For women, the risks of testosterone therapy are even less clear. “What we know about safety and what has been studied in women is the short-term effects, up to two years,” Dr. Shufelt says. “Longer effects are not known, and we do not know the effects in women who have risk factors for heart disease and breast cancer.” She stresses that longer-term studies will be necessary to determine whether low-dose testosterone therapy has detrimental effects on a woman’s body.

When testosterone is taken in excess quantities, Dr. Shufelt explains, it can lead to some pretty severe medical issues for women. “Too much testosterone in women can result in deepening of voice, hair loss, acne, anger, and negative changes to the cholesterol panel,” she says. Dr. Wierman remembers seeing a perimenopausal patient who had been given testosterone pellets at an anti-aging clinic. The high levels of T caused an increase in bad cholesterol, increase in blood pressure, excessive body hair growth, and loss of scalp hair.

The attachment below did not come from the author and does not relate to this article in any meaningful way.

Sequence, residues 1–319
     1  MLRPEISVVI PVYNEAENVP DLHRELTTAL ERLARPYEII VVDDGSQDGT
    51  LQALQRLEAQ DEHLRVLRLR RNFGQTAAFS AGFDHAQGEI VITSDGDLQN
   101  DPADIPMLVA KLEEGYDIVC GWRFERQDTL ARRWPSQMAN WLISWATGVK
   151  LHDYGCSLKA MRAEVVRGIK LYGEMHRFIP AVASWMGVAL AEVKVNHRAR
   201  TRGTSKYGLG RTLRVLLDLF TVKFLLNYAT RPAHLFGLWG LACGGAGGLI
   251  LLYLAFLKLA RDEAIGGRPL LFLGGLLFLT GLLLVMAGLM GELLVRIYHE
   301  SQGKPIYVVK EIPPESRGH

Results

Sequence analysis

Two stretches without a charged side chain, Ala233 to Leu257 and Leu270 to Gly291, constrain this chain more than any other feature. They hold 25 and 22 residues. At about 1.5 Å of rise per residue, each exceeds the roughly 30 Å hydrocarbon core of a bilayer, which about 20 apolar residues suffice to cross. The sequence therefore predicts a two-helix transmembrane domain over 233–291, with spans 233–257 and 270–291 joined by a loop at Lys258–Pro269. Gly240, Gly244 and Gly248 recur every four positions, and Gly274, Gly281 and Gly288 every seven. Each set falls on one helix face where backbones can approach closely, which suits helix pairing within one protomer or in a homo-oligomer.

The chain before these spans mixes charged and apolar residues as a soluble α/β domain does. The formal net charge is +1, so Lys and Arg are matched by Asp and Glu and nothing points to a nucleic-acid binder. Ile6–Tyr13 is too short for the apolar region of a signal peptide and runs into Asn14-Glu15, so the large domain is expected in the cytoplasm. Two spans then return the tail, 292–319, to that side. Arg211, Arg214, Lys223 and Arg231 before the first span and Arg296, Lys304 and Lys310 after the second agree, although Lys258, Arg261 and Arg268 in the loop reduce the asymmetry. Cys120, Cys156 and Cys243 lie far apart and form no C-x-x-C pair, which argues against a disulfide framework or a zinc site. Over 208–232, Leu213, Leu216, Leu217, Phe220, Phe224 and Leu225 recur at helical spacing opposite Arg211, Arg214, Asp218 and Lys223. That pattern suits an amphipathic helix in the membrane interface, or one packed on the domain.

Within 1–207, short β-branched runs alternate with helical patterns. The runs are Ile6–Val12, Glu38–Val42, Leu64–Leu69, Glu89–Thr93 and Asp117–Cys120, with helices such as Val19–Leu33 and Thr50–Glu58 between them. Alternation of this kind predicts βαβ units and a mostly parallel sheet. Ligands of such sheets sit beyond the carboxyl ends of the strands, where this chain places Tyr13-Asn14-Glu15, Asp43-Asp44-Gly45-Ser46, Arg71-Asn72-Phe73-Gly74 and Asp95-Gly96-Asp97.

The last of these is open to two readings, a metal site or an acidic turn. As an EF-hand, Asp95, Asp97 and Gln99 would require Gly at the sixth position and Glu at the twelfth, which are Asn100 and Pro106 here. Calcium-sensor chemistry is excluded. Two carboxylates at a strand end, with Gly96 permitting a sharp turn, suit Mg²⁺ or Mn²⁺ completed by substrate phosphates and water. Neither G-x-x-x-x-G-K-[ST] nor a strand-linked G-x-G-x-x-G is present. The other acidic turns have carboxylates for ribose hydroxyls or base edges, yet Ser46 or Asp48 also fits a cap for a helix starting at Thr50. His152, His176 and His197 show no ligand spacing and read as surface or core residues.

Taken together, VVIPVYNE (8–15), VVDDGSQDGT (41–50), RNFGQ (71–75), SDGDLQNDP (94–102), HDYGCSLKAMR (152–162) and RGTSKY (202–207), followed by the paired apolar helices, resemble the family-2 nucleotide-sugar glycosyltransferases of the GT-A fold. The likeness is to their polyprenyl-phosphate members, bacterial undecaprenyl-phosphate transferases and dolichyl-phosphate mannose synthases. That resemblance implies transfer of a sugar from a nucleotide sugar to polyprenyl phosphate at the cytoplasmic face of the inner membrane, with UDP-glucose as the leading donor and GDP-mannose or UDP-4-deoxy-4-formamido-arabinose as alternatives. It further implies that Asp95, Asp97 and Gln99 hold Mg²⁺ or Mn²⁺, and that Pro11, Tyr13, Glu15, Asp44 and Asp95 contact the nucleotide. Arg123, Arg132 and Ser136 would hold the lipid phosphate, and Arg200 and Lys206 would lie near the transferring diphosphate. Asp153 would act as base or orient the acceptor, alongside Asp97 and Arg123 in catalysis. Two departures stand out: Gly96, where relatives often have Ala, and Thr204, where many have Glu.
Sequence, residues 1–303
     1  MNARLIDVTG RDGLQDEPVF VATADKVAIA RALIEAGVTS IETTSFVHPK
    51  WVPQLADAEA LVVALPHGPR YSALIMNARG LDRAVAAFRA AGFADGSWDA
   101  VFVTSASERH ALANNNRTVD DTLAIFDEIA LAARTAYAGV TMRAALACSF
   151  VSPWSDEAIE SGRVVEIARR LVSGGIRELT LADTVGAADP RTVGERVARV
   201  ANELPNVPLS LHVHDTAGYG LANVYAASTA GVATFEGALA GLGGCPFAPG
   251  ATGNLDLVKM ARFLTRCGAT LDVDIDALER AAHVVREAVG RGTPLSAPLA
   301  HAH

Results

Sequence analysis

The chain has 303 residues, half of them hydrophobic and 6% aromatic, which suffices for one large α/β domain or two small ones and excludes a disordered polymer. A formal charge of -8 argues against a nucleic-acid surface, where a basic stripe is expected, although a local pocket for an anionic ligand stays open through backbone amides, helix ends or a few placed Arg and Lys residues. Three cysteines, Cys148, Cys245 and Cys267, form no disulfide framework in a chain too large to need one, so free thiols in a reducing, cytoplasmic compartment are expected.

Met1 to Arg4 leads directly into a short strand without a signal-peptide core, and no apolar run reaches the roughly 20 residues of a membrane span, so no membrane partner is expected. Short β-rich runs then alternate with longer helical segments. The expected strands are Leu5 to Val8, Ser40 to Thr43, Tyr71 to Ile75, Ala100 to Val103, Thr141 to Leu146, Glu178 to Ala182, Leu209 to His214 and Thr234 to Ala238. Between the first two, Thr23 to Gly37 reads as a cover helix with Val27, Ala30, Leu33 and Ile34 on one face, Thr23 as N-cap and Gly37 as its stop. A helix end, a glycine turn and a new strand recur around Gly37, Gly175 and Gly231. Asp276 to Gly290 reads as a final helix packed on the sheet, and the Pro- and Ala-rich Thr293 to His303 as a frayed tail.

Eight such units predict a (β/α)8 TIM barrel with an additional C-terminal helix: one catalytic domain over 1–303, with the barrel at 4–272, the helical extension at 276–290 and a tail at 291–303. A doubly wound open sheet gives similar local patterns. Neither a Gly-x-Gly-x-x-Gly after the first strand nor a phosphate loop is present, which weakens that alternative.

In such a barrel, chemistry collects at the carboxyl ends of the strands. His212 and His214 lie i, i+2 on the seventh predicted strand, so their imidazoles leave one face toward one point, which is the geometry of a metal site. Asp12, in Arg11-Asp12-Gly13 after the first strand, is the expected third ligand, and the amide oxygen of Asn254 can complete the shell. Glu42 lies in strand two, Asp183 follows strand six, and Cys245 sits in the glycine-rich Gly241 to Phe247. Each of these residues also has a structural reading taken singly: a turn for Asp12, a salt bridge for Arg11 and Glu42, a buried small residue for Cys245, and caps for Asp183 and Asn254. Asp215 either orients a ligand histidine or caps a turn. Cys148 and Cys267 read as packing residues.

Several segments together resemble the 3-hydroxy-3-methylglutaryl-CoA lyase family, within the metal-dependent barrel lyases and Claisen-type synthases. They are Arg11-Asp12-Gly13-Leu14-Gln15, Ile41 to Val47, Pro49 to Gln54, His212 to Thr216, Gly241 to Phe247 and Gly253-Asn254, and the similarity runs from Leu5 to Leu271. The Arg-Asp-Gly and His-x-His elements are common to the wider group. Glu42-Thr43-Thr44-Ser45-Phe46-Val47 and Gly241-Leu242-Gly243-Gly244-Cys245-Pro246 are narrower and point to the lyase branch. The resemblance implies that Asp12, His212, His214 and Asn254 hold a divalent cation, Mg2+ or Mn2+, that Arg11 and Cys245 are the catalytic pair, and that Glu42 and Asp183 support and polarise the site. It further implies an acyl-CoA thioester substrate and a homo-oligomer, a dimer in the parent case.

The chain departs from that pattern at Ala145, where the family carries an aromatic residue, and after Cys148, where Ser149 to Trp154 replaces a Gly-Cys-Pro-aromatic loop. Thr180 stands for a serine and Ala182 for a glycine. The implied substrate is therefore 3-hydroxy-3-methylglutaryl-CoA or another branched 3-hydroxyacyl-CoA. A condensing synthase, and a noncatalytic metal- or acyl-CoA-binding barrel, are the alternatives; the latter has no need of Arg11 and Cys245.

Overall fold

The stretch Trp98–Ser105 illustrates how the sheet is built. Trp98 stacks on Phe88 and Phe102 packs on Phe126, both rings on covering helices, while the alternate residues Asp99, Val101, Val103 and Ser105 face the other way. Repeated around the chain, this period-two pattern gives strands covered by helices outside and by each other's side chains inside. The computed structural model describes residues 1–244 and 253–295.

Yikes! Are There Any Medical Guidelines for Women and T?

In September 2019, the Endocrine Society, International Menopause Society, European Menopause and Andropause Society, and others got together to publish a global consensus statement on the safety and efficacy of testosterone therapy for women. Dr. Wierman, one of the principal authors, explains the major takeaway: testosterone therapy has only proven to be useful for one specific subset of women–post-menopausal women with hypoactive sexual desire disorder.

Hypoactive sexual desire disorder (HSDD) is characterized by an absence of sexual desire, to an extent that it causes emotional distress and relationship problems for a couple. HSDD can be caused by a variety of factors, from medication use and chronic health conditions, to chemical imbalances and hormone deficiencies. It is diagnosed by a healthcare provider using a questionnaire and treated with anything from counseling to hormone replacement therapy, depending on the situation.